Figure 6 compares binocular and monocular night myopia (log luminance = −2.5) and dark focus in the DE (left panel) and NDE (right panel). On average (bars), dark focus was myopic with mean values −0.64 ± 0.59 D in the DE and −0.61 ± 0.66 D in the NDE. Monocular night myopia was on average −0.36 ± 0.43 D for DE and −0.42 ± 0.41 D for NDE—closer in both cases to dark focus than binocular night myopia (Mean values −0.15 ± 0.17 D for DE and −0.16 ± 0.21 D for NDE). Individually (symbols and colors), there was a large variability in focus shift across subjects but a good agreement between eyes for all the subjects. Five subjects showed myopic dark focus shifts and monocular and binocular night myopia in descending order of magnitude in all cases; one subject exhibited a hyperopic dark focus shift and smaller amounts of monocular and binocular night hyperopia; and one last subject had virtually no dark focus shift and neither night myopia nor hyperopia, both monocularly and binocularly. In all subjects, the results for these selected levels were in good agreement with earlier measurements. 
Figure 6
 
SE shift when viewing the stimulus in binocular and monocular vision for a −2.5 log luminance stimulus and in total darkness in the DE (left panel) and NDE (right panel). All values are referred to the corresponding highest luminance binocular case. Symbols and colors correspond to individual subjects, and bars represent average values. The error bars represent the standard deviation across three measurements for each subject.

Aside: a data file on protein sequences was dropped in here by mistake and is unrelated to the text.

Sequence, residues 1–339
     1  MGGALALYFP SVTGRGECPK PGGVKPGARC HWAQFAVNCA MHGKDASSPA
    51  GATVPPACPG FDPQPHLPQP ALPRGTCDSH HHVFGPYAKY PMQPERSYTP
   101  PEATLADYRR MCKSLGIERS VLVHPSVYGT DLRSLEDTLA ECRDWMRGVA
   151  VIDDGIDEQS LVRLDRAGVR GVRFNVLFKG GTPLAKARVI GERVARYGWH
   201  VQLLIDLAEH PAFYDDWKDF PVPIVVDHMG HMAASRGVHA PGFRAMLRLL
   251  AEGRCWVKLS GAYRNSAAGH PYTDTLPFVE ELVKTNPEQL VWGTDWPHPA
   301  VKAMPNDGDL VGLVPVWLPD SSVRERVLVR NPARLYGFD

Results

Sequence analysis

Figure 6
 
SE shift when viewing the stimulus in binocular and monocular vision for a −2.5 log luminance stimulus and in total darkness in the DE (left panel) and NDE (right panel). All values are referred to the corresponding highest luminance binocular case. Symbols and colors correspond to individual subjects, and bars represent average values. The error bars represent the standard deviation across three measurements for each subject.
These results suggest that night myopia may be induced by dark focus, i.e., by the progressive shift of the accommodative state of the subject toward its default state in total darkness. As the luminance decreases, eyes presented with a stimulus in monocular conditions tend to accommodate or disaccommodate toward their dark focus. For subjects with myopic dark focus, which in our study was the typical case, this tendency generates night myopia. On the contrary, subjects with hyperopic dark focus showed a small amount of night hyperopia. These results are in agreement with previous works (Leibowitz & Owens, 1975a, 1975b, 1978).